by Andrew Wyatt on May 1, 2020

The cream of contemporary feature-length cinema isn’t always found in theaters. These days, smaller and more niche films often implement a same-day launch, simultaneously premiering in a select-city theatrical run and on video-on-demand (VOD) services. Moreover, streaming services are now offering original films of their own. Given the dire and disposable state of the horror genre at the multiplex, these release strategies are particularly suited to reaching a wider, more appreciative audience for cinematic chills. For horror fans in a mid- to small-sized movie market such as St. Louis, online streaming and digital rental/purchase are increasingly vital means of accessing noteworthy features. What follows is a brief assessment of the major new horror (and horror-adjacent) films that have premiered on VOD within the past month.

Pooka Lives!
2020 / USA / 90 min. / Dir. by Alejandro Brugués / Premiered online on Apr. 3, 2020

Less a follow-up to 2018’s Pooka! than a facetious, vaguely meta “sidequel,” Pooka Lives! doesn’t refer to the first film’s events at all. Instead, it uses the titular children’s toy – a bafflingly repulsive Furby-like creature – for a goofy, tonally confused send-up of Internet creepypastas. Over late-night drinks, disgraced writer Derrick (Malcolm Barrett) and his high-school buddies invent a homebrewed urban legend about Pooka and then disseminate it online for laughs. Naturally, the legend quickly takes on a (literal) life of its own, the characters terrorized by a spirit that mutates in real time as its viral notoriety spreads. Pooka Lives! works best as silly, low-budget comic riff on familiar horror tropes, with the presence of MST3K stars Jonah Ray and Felicia Day serving to assure the viewer, “We don’t take this too seriously.” Regrettably, the film often veers into banal character drama that lethally undercuts its otherwise jokey tone, which only exacerbates the narrative’s already saggy, lumpy qualities.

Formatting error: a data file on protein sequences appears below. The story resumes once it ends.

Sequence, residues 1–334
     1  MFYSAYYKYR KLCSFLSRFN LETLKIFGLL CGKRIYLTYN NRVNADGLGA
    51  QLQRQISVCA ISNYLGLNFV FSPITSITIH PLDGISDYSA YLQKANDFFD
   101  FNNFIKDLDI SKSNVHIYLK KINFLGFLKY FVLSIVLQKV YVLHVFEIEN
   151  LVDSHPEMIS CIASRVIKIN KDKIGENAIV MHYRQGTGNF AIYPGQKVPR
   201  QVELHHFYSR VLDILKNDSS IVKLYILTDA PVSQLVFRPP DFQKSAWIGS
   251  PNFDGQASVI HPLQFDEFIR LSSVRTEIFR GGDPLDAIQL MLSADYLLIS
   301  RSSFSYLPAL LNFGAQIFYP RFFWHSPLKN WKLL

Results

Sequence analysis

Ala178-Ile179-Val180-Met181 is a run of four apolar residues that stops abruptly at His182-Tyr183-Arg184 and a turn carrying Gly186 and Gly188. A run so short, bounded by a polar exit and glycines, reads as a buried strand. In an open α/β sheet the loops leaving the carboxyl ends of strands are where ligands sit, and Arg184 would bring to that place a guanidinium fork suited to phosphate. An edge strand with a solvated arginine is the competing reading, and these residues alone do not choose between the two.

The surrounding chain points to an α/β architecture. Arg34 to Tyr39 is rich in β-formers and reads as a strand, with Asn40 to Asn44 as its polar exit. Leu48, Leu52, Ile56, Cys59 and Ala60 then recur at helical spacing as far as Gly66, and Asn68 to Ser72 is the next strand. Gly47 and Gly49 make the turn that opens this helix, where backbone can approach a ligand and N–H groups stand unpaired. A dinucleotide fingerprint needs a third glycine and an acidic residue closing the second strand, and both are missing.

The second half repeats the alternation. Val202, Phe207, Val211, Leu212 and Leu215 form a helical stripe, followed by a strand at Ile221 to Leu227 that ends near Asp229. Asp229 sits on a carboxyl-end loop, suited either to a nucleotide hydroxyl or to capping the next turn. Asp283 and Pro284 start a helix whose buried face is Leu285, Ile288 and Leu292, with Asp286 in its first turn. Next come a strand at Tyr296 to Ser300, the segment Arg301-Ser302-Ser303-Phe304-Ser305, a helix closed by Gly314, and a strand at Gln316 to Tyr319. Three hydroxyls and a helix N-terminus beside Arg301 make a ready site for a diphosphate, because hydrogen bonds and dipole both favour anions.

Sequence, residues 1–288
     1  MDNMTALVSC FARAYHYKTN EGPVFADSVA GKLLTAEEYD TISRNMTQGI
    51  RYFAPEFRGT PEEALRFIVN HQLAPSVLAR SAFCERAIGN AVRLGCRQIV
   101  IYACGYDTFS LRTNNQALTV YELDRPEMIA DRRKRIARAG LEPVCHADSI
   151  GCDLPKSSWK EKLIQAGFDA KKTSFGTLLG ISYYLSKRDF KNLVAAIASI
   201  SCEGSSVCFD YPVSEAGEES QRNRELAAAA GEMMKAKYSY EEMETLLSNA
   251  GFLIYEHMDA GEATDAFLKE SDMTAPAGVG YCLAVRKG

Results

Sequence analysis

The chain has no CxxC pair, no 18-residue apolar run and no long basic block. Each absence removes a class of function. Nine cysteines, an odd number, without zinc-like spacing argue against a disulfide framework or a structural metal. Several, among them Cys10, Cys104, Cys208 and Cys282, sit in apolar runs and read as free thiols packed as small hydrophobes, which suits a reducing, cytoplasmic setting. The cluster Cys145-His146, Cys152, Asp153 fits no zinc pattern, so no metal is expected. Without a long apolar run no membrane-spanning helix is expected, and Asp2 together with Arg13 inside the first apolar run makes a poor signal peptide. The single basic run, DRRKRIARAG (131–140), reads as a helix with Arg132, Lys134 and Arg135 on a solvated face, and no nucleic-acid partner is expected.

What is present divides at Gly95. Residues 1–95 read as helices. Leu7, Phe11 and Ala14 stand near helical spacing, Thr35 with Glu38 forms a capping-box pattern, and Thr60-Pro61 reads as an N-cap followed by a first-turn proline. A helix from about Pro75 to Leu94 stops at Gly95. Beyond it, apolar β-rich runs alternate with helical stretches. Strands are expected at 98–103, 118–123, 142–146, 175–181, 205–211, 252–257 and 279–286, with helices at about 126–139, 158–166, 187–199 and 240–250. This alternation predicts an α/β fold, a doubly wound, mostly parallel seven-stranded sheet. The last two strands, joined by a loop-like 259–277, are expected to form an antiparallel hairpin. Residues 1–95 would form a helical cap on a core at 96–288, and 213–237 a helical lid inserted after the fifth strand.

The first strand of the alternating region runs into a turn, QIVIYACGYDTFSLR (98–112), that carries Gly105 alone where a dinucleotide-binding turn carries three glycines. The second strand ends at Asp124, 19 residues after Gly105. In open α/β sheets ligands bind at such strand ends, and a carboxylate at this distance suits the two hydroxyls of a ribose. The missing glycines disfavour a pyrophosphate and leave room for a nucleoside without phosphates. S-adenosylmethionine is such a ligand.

Rating: C-

Pooka Lives! is now available to stream from Hulu.

Behind You
2020 / USA / 96 min. / Dir. by Andrew Mecham and Matthew Whedon / Premiered online on Apr. 17, 2020

There’s a germ of a halfway-decent horror flick in the premise of the broadly lousy Behind You, which concerns a demonic entity that has been trapped for decades within the mirrors of a creepy, cavernous house. When sisters Olivia (Addy Miller) and Claire (Elizabeth Birkner) are dumped on the doorstep of the aloof, eccentric aunt (Jan Brobeg) they barely know, it’s only a matter of hours before the spirit imprisoned in the house begins whispering lies to Claire. Despite some modest atmosphere and at least one brutal plot swerve, Behind You is an unimaginative slog of a film, with a lurching, needlessly convoluted story. Directors Andrew Mechan and Matthew Whedon defer to visual and situational clichés at every opportunity, and the film’s in-universe rules regarding its mirror-devil seem to change every 15 minutes or so. What’s more, the feature’s entire third act has the feeling of a run-out-the-clock exercise, arbitrarily and rather inanely wringing out another half-hour of dismal, demonic nonsense.

Rating: D+

Behind You is now available to rent or purchase from major online platforms.

2019 / USA / 90 min. / Dir. by David Marmor / Premiered online on Apr. 24, 2020

A film can commit graver sins than creatively swiping elements from a better film, and it’s therefore hard to criticize writer-director David Marmor too harshly for the obvious similarities between his feature and Karyn Kusama’s The Invitation (2015). While not remotely as moody, thoughtful, or eccentric as the latter film, 1BR is a tense and gruesome captivity-horror tale with a similar streak of sub-Lynchian LA-based dissociation. Newly arrived in the city, Sarah (Nicole Brydon Bloom) lucks into a lease in a gated apartment complex that seems too good to be true – which of course it is. Marmor’s screenplay doesn’t give Bloom much to work with beyond some pat backstory, but rich characterization isn’t really 1BR’s strong suit. What the film does quite well is lock the viewer into the headspace of a cult victim, effectively conveying a nightmarish medley of disbelief, terror, and submission as Sarah is robbed of her agency and broken down psychologically. It might not be original, but 1BR is gruelingly effective.

Rating: C+

1BR is now available to rent or purchase from major online platforms.